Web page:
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Report: China considering tightening rare earths mining safety

By the CNN Wire Staff
STORY HIGHLIGHTS
  • Such a move probably would lead to higher prices for electronics
  • New standards could shut down uncompetitive miners, state media says
  • That would boost the cost of the minerals, which are used in a wide range of products
  • The products include mobile phones, batteries, hybrid cars and guided missiles

Beijing, China (CNN) -- China is considering clamping down on pollution tied to the mining of rare earths, state media said Monday. Such a move probably would lead to higher prices for electronics around the world that include the minerals.

"We heard the new standards will be strict, which will force uncompetitive miners out of the industry," said mining executive Zhang Zhong, according to the Xinhua news agency.

The move will boost the production costs of rare earths, said Zhang, general manager of the Inner Mongolia Baotou Steel Rare-Earth (Group) Hi-Tech Company, the country's biggest rare earths producer, according to Xinhua.

China holds about one-third of the world's rare earth deposits, but accounts for 95 percent of global output. The minerals are vital in manufacturing a wide range of products -- both civilian and military -- from mobile phones, batteries and compact fluorescent light bulbs to hybrid cars and guided missiles.

The nation aims to upgrade rare earths production safety, Xinhua said, citing Yang Wanxi, a government adviser involved in writing a new regulation.

A draft has been filed with the Ministry of Industry and Information Technology, which is seeking industry review, Yang told Xinhua. Under the proposed standards, less ammonia nitrogen would be allowed in wastewater from rare earths production.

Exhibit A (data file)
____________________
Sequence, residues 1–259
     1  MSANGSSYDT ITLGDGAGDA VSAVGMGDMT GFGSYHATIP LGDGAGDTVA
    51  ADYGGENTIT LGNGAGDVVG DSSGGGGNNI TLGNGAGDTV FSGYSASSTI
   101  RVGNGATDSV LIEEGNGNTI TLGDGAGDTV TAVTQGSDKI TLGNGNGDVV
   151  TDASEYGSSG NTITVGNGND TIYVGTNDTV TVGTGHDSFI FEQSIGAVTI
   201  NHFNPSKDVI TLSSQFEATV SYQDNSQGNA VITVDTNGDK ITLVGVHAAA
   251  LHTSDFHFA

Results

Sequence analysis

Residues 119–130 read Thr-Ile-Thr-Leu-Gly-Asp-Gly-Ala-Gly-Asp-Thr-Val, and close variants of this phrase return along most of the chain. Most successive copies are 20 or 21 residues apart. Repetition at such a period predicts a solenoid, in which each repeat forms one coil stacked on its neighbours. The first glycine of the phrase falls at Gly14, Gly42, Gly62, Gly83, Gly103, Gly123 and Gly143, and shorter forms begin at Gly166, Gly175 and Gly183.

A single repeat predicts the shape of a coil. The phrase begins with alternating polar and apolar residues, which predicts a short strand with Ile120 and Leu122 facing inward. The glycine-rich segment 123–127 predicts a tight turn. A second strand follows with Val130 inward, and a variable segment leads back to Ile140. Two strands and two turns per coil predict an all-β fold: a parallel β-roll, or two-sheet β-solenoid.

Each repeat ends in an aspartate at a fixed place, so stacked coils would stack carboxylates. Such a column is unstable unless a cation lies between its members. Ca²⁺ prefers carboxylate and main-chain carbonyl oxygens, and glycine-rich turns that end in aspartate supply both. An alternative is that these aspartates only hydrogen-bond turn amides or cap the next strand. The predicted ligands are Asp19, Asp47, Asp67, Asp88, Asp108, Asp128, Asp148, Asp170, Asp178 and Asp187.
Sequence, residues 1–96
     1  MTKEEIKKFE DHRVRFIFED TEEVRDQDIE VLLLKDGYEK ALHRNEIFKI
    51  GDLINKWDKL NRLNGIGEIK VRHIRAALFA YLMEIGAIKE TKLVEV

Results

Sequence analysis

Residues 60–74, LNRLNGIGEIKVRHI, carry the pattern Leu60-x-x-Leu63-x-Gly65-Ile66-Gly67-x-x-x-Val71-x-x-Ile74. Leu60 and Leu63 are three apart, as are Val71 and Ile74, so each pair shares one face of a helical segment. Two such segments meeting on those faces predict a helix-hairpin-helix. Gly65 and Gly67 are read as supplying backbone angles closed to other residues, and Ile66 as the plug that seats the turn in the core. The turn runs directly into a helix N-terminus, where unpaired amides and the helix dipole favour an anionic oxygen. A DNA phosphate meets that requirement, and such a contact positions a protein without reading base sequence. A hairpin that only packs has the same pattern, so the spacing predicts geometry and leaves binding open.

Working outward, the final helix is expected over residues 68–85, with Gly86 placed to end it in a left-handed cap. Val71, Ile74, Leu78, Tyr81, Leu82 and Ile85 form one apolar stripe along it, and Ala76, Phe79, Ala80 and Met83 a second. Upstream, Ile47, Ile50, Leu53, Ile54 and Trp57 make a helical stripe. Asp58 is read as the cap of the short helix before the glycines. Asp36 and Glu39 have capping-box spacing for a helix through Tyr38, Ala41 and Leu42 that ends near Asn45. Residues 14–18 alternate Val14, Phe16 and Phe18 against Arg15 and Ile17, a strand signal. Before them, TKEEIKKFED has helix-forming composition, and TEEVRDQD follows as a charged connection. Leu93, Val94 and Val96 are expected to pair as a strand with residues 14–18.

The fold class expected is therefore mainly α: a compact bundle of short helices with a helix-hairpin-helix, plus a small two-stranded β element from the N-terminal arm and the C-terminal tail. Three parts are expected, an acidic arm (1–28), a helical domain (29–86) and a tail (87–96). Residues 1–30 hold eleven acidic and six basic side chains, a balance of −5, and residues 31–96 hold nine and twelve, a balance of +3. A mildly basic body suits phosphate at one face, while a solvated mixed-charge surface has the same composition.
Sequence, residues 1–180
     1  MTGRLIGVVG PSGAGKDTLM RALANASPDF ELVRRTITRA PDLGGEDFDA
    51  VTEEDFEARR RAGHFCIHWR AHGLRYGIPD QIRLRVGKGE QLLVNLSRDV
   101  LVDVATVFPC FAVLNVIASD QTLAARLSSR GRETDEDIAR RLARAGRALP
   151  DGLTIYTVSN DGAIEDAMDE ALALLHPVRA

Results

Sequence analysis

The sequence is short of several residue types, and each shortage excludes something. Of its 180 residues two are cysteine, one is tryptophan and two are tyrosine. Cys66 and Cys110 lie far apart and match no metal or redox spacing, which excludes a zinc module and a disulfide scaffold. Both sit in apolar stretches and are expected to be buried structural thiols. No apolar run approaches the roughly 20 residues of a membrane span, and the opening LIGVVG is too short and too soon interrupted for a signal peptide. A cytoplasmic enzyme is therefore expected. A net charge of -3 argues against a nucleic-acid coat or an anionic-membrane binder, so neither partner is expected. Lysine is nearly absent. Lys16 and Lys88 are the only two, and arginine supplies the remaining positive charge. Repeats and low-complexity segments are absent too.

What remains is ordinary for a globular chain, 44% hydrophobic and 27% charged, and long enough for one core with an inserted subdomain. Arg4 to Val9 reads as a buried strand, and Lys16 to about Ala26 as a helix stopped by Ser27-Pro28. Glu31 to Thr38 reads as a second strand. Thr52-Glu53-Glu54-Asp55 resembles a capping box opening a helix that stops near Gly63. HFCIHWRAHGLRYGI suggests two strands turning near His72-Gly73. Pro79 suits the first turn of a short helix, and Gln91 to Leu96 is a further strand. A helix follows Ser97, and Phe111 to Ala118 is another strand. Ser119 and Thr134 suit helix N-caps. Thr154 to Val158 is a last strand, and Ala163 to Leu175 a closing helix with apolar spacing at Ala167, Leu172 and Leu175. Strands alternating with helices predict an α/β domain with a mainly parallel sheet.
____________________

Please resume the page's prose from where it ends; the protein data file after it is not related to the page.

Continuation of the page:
Rare earths comprise 17 elements, including scandium and yttrium, and lanthanides. In reality, they are not rare, according to former U.S. Geological Survey official James Hedrick. But the amount of economically exploitable concentrations are limited. And mining them damages the environment.

"Other countries haven't developed the mines, because almost all of these rare metals come with elements that are radioactive or poisoning," Hedrick said. "Everyone is getting them cheap and easy from China without having to do the dirty work."

Hedrick, now an official at a large U.S.-based rare earth deposit owner, said a processor in California that hopes to open its mine next year "would probably be the earliest that rare earth would be available from a large source."

The world has depended on China for rare earths for decades, he said.

Beijing's critics see China using its monopoly as a weapon in trade or political disputes.

China reportedly stopped rare earth shipments to Japan, the world's largest rare earth importer, after the Japanese coast guard detained a Chinese trawler captain near an island claimed by both nations.

Beijing has disputed the allegations, saying it will not halt its rare earths exports, but that safety improvements are needed. China also says it must avoid depleting its resources.

The country stopped issuing new rare earths mining licenses in 2006 and has closed hundreds of small mines, Xinhua said Monday.

Draft guidelines issued in September call for cutting the number of China's rare earths companies to 20 from 90 in the next four years.

Some analysts say Beijing's motives are more commercial than political.

"They are the largest consumer of the metals in the world and are really moving into high-tech," said Martin Hennecke, an associate director at Hong Kong-based consulting firm Tyche Group.

"They want to secure their own supply, because China is consuming 60 percent of those metals there."

China's actions have prompted calls in the United States to resume domestic production, with the House of Representative passing a bill aimed at redeveloping the industry. But that would take time.

CNN's Steven Jiang contributed to this report.

 
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